Invest in Ethiopian


Developing an ultra-high temperature (UHT) processing plant for long-life milk production in Ethiopia is a promising opportunity for dairy-related investors. Here we feature an example of an investment-ready business on the ground today, in which an investment of $11 million in a new integrated UHT plant could establish the largest dairy processor in Ethiopia with an installed capacity of 80,000 liters per day and an estimated IRR of 25-35% over 5 years.


The global ultra-high temperature (UHT) processing milk market is expected to exceed $137 billion by 2020, with a significant CAGR of 12.8% from 2013 to 2019. Recent estimates report the size of the market at $84 billion in 2014. The average annual demand in Ethiopia for dairy products in the next ten years (2013-2022) is expected to reach $1 billion.

  In Ethiopia where cold-chain infrastructure is weak, UHT product has a significant advantage over fresh milk products due to the lack of need for refrigeration, addressing the issue of spoilage. Due to Ethiopian fasting days, demand for milk is also seasonal – it spikes and dips in relation to the religious calendar – creating variability in demand. Additionally, consumers are already importing expensive UHT and milk powdered products; domestic production could disrupt the current market. These factors create a unique market opportunity for the 6-12 month extended shelf life of a domestic UHT product.

Currently, Ethiopia’s milk consumption is only 19 liters per person – 10% of Sudan’s and 20% of Kenya’s – but urbanization is driving up consumption: per capita consumption in Addis Ababa is 52 liters per person. In other developing markets, UHT milk has taken off as a substitute for milk – in China, it now accounts for 60% of total milk consumption and in 2012-13, the UHT market in India grew by 53%.


Dairy is a government priority: Dairy has been identified as a priority area for the Government, which aims to increase Ethiopian milk production at an average annual growth rate of 15.5% during the GTP II period (2015-2020), from 5,304 million liters to 9,418 million liters. The government is actively encouraging the private sector to produce UHT milk and is making supporting investments in supply-chain infrastructure, training, and improved breeds, and dairy-focused Agricultural Commercialization Clusters (ACCs). ACCs that support commercialization of smallholder farmers in dairy have been identified in all four major regions (Tigray, Amhara, Oromia, and SNNP), and the government is particularly prioritizing genetic improvement through selecting premium indigenous breeds and introduction of exotic breeds.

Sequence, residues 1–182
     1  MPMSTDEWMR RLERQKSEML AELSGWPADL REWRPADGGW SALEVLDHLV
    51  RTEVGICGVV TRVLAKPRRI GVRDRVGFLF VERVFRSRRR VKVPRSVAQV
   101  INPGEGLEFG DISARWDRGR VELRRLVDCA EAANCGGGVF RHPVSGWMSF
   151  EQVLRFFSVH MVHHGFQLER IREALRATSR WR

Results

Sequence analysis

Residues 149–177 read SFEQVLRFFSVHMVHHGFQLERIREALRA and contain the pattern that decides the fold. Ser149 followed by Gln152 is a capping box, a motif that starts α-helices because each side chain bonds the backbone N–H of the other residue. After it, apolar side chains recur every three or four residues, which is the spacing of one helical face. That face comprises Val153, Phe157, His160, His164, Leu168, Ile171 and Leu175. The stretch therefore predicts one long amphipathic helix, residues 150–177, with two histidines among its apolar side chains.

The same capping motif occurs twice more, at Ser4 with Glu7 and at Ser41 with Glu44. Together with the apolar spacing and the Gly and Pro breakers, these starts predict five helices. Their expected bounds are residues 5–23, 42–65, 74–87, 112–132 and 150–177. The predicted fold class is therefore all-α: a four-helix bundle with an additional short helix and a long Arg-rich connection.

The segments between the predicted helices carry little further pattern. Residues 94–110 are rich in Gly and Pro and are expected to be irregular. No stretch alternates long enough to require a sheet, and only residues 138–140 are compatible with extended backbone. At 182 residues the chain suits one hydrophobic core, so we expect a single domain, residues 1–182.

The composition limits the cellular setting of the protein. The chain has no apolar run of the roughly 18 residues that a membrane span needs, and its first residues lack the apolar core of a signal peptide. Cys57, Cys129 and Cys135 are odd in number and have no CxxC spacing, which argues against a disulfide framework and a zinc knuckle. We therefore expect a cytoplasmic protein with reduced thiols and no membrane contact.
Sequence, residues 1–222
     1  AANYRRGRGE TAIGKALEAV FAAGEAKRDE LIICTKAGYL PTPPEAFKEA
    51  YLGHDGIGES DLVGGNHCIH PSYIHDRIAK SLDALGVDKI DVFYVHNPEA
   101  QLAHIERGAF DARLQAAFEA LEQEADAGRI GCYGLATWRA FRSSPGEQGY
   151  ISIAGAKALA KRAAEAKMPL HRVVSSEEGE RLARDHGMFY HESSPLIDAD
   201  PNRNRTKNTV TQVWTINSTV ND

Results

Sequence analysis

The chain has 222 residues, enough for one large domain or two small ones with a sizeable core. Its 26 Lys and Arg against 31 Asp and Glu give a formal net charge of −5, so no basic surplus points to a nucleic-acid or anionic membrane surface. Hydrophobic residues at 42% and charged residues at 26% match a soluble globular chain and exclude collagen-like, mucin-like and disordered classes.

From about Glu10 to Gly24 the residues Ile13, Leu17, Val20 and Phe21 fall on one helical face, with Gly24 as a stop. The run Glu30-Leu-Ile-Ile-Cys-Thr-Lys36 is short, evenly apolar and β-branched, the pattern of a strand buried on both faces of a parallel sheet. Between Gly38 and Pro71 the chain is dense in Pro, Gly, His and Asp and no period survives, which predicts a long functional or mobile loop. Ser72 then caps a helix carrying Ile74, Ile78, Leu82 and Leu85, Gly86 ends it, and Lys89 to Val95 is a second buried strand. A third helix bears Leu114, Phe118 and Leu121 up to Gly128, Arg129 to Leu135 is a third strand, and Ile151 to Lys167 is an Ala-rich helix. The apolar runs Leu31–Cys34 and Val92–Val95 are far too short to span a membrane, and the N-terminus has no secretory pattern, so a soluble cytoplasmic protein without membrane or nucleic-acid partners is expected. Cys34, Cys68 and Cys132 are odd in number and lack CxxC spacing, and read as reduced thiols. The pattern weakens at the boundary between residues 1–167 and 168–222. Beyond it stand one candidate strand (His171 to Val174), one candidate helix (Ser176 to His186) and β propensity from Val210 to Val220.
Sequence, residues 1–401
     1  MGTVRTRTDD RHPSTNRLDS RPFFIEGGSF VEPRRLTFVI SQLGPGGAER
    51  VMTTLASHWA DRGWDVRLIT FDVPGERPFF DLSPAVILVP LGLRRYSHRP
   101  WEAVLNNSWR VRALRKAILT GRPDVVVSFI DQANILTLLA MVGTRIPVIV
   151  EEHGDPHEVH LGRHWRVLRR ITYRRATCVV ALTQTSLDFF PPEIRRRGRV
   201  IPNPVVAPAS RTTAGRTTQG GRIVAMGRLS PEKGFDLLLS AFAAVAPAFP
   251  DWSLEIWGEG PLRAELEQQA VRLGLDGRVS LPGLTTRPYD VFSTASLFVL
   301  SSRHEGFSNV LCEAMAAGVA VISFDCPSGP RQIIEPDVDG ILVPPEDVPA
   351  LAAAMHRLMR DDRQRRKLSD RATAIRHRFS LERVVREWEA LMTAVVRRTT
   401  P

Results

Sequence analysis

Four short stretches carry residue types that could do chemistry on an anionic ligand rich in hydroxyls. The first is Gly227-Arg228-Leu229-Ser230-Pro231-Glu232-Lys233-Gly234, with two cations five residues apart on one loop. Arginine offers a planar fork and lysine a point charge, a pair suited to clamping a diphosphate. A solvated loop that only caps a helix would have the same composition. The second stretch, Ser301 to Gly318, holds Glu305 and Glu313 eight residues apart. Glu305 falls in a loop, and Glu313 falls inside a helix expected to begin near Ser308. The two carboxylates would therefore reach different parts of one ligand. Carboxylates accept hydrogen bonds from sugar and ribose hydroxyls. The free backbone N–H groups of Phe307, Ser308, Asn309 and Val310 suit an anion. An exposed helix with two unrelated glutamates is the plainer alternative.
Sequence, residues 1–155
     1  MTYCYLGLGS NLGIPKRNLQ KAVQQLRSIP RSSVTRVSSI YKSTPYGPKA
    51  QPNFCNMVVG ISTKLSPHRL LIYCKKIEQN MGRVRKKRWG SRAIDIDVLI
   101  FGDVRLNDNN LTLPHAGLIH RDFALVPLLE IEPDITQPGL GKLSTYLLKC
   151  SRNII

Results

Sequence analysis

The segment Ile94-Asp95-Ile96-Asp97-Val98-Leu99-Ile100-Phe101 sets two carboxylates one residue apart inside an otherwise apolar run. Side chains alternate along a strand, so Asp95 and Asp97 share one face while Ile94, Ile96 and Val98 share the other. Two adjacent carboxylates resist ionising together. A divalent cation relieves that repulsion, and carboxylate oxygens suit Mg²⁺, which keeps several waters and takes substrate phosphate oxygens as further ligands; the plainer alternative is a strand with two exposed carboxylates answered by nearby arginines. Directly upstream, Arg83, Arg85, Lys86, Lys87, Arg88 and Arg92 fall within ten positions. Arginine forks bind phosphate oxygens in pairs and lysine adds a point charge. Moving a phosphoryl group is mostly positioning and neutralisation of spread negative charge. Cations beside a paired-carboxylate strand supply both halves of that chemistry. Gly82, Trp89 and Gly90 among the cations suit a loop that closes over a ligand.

Lack of competition in a large consumer market: Ethiopia is a 95 million person+ market with limited access to fresh dairy due to poor supply-chain infrastructure. Ethiopia spends approximately $10 million annually in foreign powdered milk imports. Only 2% of milk is processed commercially in Ethiopia; 98% of production is driven by smallholders, and there is currently only one local producer of UHT milk. Furthermore, Ethiopia has close proximity to large regional consumers of milk such as Sudan and Kenya, as well as to the Middle East markets.

Favorable environment for production: Ethiopia has the largest number of milking cows in Africa, with 54 million cattle of which over 14 million are dairy cows. From 2001-2007 cow milk production grew at an average rate of 2.6%, equal to Ethiopia’s population growth rate of 2.8%. Ethiopia’s highlands, which are very well suited for dairy production, represent almost 50% of the total highland regions in Sub-Saharan Africa.


An $11 million greenfield investment would create a UHT plant with the largest processing capacity in the Ethiopian market.

The Agricultural Transformation Agency is an initiative of the Federal Government of Ethiopia Off Meskal Flower Road, across from Commercial Graduates Association